chapter  6
28 Pages

Women and civil society in South Korea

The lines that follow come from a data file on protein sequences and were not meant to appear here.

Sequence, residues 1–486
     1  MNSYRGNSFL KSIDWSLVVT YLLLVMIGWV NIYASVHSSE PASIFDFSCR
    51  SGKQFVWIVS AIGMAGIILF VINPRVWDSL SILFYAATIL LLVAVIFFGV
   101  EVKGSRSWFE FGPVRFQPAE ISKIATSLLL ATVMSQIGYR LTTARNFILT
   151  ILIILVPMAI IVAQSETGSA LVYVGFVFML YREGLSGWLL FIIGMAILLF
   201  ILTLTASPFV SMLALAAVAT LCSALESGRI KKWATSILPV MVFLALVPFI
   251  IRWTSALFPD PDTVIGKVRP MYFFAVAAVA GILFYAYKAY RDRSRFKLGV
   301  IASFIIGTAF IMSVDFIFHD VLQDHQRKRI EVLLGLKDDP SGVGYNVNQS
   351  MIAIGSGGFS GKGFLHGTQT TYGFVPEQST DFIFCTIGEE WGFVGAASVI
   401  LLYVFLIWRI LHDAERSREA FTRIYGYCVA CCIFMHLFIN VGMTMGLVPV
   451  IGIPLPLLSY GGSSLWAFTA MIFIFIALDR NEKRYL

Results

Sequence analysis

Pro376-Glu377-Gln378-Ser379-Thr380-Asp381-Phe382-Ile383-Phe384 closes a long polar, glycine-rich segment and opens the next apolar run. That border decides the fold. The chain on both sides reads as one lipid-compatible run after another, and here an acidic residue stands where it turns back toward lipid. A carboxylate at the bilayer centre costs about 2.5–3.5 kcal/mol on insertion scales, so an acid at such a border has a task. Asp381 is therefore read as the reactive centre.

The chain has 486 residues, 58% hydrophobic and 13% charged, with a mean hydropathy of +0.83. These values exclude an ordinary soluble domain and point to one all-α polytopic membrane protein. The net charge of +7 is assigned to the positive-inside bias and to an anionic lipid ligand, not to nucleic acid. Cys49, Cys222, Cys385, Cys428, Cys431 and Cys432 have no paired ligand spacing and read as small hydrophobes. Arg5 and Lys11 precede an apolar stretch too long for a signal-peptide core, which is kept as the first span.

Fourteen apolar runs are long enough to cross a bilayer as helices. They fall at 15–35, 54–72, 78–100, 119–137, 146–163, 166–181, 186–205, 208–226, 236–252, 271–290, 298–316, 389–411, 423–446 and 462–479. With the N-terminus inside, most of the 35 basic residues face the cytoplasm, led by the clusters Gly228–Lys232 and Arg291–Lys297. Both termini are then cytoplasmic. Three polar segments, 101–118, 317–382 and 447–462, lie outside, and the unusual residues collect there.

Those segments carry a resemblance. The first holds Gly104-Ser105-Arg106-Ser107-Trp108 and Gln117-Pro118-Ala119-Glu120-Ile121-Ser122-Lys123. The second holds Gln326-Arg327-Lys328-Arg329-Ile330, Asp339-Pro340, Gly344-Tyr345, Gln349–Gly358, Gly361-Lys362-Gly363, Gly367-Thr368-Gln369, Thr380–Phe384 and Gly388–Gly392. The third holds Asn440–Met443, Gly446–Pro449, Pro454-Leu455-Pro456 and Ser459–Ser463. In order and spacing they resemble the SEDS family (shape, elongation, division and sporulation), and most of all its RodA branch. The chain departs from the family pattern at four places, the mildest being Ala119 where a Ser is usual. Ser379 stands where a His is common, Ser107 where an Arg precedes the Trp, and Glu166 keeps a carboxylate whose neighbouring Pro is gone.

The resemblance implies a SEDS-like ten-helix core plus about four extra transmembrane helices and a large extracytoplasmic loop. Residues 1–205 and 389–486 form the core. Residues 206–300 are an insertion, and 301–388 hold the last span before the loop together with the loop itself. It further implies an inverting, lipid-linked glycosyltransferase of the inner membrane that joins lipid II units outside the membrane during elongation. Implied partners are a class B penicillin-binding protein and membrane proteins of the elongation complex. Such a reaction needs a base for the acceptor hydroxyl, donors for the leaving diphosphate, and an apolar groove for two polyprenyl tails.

Since the spread of popular protests against authoritarian regimes in Asia and other parts of the world in the 1970s and 1980s, there has been a growing interest in the study of civil society as a vehicle of democratization and a counterweight to the repressive state and the totalizing market (Silliman and Noble 1998; White 1996; Koo 1993; Cohen and Arato 1992; Gold 1990; Keane 1988). However, as recent criticisms of the celebration of civil society as the “third path” to societal democratization point out, such analyses tend to lapse into abstract discussions of relations between the state and civil society, devoid of a specific historical or social context (Fine 1997; Tempest 1997; Blaney and Pasha 1993). This absence also contributes to an inadequate view of civil society as a uniform and homogeneous space without social inequalities and divisions.